Study your flashcards anywhere!

Download the official Cram app for free >

  • Shuffle
    Toggle On
    Toggle Off
  • Alphabetize
    Toggle On
    Toggle Off
  • Front First
    Toggle On
    Toggle Off
  • Both Sides
    Toggle On
    Toggle Off
  • Read
    Toggle On
    Toggle Off

How to study your flashcards.

Right/Left arrow keys: Navigate between flashcards.right arrow keyleft arrow key

Up/Down arrow keys: Flip the card between the front and back.down keyup key

H key: Show hint (3rd side).h key

A key: Read text to speech.a key


Play button


Play button




Click to flip

8 Cards in this Set

  • Front
  • Back
1. Define aging?
2. What are the major mechanisms are currently thought to form the cellular basis of aging?
1. Aging is defined, as gradual changes in structure and function, which occur with the passage of time, do not result from disease or trauma, and cause increasing probability of death. The time course of aging is determined by both genetic and environmental factors.


1. Damage to information macromolecule (DNA & RNA)
-increase in mutations and chromosomes anomalies with age
-errors in duplication of DNA increase with age results in abnormal mRNA and protein molecules

-Wear and tear
-Toxins Manufactured by cells (Free radicals)

-External Factors-UV irradiation
-Background irradiation
-Physical use

4. Programmed Aging
-Normal expression of genetic program that begins at conception
-Biological clock in cells that dictate life span

Molecular Gene Theories

Codon restriction:- Fidelity/accuracy of mRNA translation is impaired due to inability to decode codons in mRNA

Error catastrophe:-Fidelity of gene expression decline with age, resulting in increased fraction of abnormal proteins

Somatic mutation:- Accumulation of molecular damage, primary to DNA/genetic material

Dysdifferentiation:- Gradual accumulation of random molecular damage impairs regulations of gene expression

Gene regulation:-Ageing caused by changes in gene expression regulating both aging and development. Gene expression protein folding and activity

Cellular theories
Free radical
Wear and tear

Oxygen free radicals generated cause cumulative oxidative damage, resulting in structural degeneration, (apoptosis), functional decline, and age-related diseases.
Describe the Multiplicity of changes in CNS Aging?
1. What are the external changes?

2. What are the internal changes?
1. External Changes
These include a gradual thickening and fibrosis of the meninges and dura, focal calcification of leptomeninges and formation of plaques of bone in the spinal leptomeninges.

a. Cerebral Atrophy: The weight of the brain reaches its peak of approximately 1.4 kg in the early 20s and then undergoes a slow decline. By age 80, the loss reaches 7%, or about 100grams. This weight loss is accompanied by a reduction in the cortical area brought about by the broadening of the sulci and the flattening of the gyri.

2. Internal Changes
Of the internal structures, the basal ganglia and ventricular system most often show changes in the elderly. In the basal ganglia, it is common to find thickening of the walls of small perforating arteries and dilated perivascular spaces.
1. What happens to Locus Coerulus in the human brain?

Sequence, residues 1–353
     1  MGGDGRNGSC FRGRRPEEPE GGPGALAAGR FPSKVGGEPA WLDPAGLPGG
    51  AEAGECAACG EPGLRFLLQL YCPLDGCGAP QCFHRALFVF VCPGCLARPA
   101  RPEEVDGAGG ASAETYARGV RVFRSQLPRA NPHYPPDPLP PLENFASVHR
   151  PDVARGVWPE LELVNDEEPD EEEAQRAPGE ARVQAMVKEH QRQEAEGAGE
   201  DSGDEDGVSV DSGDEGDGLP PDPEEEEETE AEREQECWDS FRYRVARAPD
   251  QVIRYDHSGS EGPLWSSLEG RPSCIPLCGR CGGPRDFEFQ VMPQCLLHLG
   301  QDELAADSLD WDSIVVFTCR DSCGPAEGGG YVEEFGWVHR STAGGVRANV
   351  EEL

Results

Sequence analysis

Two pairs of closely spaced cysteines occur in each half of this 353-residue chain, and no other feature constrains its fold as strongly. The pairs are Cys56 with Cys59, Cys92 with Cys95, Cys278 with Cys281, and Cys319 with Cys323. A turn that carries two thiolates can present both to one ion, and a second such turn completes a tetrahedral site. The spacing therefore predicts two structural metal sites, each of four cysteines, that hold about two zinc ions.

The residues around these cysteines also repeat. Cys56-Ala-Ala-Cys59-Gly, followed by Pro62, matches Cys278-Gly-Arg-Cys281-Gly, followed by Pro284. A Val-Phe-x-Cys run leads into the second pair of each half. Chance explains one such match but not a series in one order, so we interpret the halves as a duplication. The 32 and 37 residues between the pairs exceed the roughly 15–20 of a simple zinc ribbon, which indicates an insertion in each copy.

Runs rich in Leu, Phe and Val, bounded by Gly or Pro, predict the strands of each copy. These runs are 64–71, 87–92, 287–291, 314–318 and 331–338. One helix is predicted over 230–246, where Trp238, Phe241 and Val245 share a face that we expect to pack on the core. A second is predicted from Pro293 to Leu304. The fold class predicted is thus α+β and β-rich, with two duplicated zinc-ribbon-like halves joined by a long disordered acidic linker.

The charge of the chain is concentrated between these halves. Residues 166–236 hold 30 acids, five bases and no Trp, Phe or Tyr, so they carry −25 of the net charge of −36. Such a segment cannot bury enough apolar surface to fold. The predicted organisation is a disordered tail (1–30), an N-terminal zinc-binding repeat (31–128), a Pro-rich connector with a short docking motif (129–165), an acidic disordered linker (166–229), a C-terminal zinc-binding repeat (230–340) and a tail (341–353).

2. What are the functional alterations in the cerebrum due to aging?
1. Locus Coeruleus cell loss in the aging human brain.

2. A decrease in cerebral blood flow
A reduction in oxygen utilization by cerebral tissues
A reduction in glucose utilization by cerebral tissues
An increase in Cerebrovascular resistance
What are the 4 major functional changes in the aging brain?
1. Cognitive
2. Emotional
3. Aging of Reflex
4. Aging of Senses
Other Aging related functional changes..
-balance and posture, gait and tremor

1. Cognitive Functioning
many show a mild decline in memory and cognitive abilities, and some develop dementia.

Cutaneous senses:- sensitivity to touch is decreased
Proprioception:-require greater angular movement

Special senses:-
Vision (presbyopia- change in accommodation power of the eye)
Presbycusis (decrease in ability to perceive sound)
Decrease sense of smell and taste

Vestibular function:-loss of hair cells of cristae ampullaris
Balance and posture:-Exaggerated sway
Sleep disorder:-insomnia, sleep-awake disturbances

2. What are the symptoms of ALS?
1. SEE DIAGRAM. The causes of ALS is unknown.

2. The symptoms of ALS are:

Stumbling and falling
Loss of muscle control
Loss of strength in hands and arms
Difficulty speaking, swallowing and/or breathing
Chronic fatigue
Muscle twitching and/or cramping
Spasticity, fasciculations, and clonus
Muscular atrophy
Describe Parkinson's disease?
1.Describe Alzheimer’s disease ?

2. What Is Dementia?
1. Alzheimer’s disease is an irreversible, progressive brain disease that slowly destroys memory and thinking skills.

Pathogenesis of Alzheimer’s Disease:

Dr. Alois Alzheimer:- 1907 identified AD
Neurofibrillary tangles
Neuritic plaques
Free radicals & toxic metals (iron, zinc and aluminum
Virus & prion

2. When memory loss and related symptoms affect our ability to function on a day-to-day basis, and are progressive, this is called dementia. Common symptoms of mild to moderate dementia include:

–Progressive short term memory loss
–Forgetting names of familiar people
–Difficulty finding words
–Mild, usually transient, disorientation
–Changes in personality
–Decrease reasoning ability, poor insight, lack of judgment
Describe the histological changes in patients with alzheimers disease?
-Significant cell loss in the basal nucleus of Myenert (substantia innominata), cortex, and areas of limbic system and brainstem (LC)

-Hippocampus (CA1), subiculum, etirhinal cortex and basal ganglia

-Glial replacement (gliosis) in regions of neuronal loss is common

-Perivascular amyloid (Beta-amyloid fragments come together in clumps to form plaques)